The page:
You may have heard about a Freon shortage in 2012. Unfortunately, the news is true. Because of the Environmental Protection Agency’s projected decreases in the environmentally unfriendly refrigerant called R-22 (or Freon), current production numbers have set off a supply and demand problem, resulting in a significant increase in prices.
Many countries have agreed to help protect the ozone layer from substances that might cause deterioration, causing industries across the board to create new environmentally friendly products — from fuel to refrigerants. As a result, heating and cooling manufacturers have had to reduce their production of R-22, used by an estimated 85 percent of household air conditioning systems — along with commercial refrigeration equipment. It’s being replaced with a new refrigerant that is much more friendly to the ozone layer in our atmosphere, called R-410A.
What’s unique about 2012?
Well, the EPA has set certain guidelines for the reduction of R-22, and this year marks a significant reduction in its production. In addition, these guidelines coincide with federal regulations that prohibit manufacturers from producing any new cooling equipment that containing R-22.
All of these factors have created the perfect storm for homeowners whose existing air conditioning equipment uses R-22, because supply and demand have jacked up the price of Freon significantly — 2 or 3 times in some areas.
What can a homeowner do?
The best long-term option for homeowners is to upgrade to new A/C equipment, which uses R-410A. But this requires a significant upfront investment, one that many homeowners can't afford to make right now.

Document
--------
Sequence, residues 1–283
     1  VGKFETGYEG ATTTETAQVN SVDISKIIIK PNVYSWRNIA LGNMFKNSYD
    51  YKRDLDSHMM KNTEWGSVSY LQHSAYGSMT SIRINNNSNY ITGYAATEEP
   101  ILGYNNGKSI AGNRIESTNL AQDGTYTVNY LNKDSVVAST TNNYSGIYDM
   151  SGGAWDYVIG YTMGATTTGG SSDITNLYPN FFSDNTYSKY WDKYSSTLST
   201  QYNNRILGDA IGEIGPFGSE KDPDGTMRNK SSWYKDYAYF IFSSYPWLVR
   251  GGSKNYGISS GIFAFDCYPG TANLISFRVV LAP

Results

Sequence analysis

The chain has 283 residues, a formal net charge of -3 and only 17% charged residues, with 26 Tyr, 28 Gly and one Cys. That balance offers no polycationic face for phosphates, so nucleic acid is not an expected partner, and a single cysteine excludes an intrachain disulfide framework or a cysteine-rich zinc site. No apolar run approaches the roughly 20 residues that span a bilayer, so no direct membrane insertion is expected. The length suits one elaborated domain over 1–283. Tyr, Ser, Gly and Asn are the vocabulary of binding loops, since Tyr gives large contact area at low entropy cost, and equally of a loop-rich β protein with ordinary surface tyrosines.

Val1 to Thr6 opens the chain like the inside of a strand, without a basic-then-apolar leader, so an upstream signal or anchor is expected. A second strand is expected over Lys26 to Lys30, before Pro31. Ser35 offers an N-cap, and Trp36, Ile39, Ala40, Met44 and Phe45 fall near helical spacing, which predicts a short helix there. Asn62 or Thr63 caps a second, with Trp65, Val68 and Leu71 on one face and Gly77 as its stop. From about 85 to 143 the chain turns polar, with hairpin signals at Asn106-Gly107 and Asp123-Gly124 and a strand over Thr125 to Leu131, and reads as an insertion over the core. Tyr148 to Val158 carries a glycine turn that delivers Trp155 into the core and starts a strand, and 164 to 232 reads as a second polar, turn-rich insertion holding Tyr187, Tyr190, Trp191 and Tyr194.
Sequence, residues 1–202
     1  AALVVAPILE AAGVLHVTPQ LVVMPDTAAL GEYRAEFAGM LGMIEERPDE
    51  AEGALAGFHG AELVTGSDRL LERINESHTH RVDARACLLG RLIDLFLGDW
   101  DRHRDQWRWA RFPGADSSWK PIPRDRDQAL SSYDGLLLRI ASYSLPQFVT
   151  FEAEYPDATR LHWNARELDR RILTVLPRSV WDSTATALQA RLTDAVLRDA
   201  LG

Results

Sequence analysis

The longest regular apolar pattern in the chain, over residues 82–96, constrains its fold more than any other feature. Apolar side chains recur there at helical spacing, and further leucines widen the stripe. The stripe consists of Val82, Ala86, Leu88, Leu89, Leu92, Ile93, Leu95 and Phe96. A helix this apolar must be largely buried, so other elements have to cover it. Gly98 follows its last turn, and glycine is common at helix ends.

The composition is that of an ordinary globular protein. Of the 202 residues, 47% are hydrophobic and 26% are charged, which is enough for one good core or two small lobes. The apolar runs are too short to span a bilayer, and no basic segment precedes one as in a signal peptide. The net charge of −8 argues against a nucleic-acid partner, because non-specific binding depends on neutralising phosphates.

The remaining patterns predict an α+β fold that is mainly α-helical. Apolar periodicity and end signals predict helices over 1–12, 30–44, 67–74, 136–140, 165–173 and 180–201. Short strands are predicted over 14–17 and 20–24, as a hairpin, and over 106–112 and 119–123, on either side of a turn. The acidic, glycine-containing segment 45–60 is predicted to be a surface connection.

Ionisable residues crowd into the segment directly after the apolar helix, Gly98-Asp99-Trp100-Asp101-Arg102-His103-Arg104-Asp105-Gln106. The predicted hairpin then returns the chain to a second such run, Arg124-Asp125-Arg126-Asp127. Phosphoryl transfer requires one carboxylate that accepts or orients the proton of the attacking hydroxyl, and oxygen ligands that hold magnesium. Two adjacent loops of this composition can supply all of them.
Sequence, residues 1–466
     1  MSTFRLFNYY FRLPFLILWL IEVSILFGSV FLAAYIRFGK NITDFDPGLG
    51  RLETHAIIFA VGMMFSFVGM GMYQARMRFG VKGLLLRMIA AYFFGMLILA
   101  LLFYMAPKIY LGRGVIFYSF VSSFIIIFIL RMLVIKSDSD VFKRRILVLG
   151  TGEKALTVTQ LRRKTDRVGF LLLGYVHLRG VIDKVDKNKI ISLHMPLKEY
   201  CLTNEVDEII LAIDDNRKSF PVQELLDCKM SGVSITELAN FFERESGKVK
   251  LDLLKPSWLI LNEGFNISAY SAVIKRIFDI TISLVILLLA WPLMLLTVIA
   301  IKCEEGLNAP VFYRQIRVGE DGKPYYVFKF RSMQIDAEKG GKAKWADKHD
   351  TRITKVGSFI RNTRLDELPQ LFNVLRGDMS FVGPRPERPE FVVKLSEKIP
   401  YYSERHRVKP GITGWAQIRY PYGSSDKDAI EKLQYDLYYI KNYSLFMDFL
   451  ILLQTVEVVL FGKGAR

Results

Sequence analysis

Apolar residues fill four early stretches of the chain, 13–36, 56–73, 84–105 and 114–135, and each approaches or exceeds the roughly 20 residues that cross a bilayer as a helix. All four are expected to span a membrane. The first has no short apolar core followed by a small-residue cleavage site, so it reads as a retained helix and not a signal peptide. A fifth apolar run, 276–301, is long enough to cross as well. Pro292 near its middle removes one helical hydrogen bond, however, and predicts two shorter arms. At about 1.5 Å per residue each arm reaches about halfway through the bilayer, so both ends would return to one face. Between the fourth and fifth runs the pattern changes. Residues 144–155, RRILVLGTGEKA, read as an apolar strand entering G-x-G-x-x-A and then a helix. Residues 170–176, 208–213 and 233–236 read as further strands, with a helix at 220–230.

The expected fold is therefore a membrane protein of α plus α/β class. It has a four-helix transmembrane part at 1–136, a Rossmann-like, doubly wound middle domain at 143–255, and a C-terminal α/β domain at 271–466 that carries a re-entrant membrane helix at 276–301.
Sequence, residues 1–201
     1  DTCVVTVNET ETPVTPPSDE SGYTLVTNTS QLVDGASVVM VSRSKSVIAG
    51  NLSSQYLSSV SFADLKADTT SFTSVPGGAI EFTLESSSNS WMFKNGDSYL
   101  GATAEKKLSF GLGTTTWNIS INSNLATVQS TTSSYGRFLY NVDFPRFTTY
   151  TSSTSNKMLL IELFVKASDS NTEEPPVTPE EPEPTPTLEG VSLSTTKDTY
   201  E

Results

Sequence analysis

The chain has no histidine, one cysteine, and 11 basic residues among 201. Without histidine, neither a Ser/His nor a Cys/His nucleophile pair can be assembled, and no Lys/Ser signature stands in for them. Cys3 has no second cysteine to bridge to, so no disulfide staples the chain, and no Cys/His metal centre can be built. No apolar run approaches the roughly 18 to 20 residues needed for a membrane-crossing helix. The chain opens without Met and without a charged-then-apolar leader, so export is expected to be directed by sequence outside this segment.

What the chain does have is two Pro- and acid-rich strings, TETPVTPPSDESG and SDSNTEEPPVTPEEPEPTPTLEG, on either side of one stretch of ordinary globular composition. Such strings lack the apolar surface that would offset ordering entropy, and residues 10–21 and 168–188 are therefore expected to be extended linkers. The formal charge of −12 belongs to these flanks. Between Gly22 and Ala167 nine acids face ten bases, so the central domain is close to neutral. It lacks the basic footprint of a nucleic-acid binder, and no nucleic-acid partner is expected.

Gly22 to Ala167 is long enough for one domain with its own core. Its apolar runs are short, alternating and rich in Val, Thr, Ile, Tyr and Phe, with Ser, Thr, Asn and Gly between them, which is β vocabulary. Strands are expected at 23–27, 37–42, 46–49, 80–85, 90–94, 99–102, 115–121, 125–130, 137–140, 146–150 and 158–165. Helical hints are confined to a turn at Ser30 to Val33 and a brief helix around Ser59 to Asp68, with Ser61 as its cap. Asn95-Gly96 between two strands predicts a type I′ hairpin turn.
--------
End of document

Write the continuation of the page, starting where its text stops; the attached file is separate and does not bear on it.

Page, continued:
The other option is to schedule annual maintenance for your cooling equipment soon, in order to make sure that its properly charged with refrigerant and doesn't have any leaks. You’ll probably pay more for a refrigerant charge, but doing so now will help you beat the rush — and likely higher prices — later on.
For expert advice and to weigh keeping your present air conditioner in the face of a R-22 shortage against a high-efficiency upgrade, contact P.K. Wadsworth Heating & Cooling. We've served Northeast Ohio since 1936.
Paul Wadsworth is the President and Owner of P.K. Wadsworth Heating and Cooling. For 37 years, Paul has been providing heating and cooling services to the Greater Cleveland area. P.K. Wadsworth has been a trusted Cleveland HVAC service company for 75 years. The company understand the area's construction and local heating and air conditioning needs. Paul has an MBA from the University of Michigan and a B.S., Industrial Engineering from Purdue University. He's been President of the Cleveland Air Conditioning Contractors of America and a founding member of the local chapter. Paul was born and raised in Cleveland and has been active in the local community. He resides in Cleveland, Ohio with his wife and two sons.
The opinions and statements contained in this article are for general informational purposes only and are not instructions. Only trained, licensed and experienced personnel should attempt installation/repair. The author assumes no liability for the opinions/statements made in this article. Any individual attempting a repair or installation based on this article does so at their own risk of loss.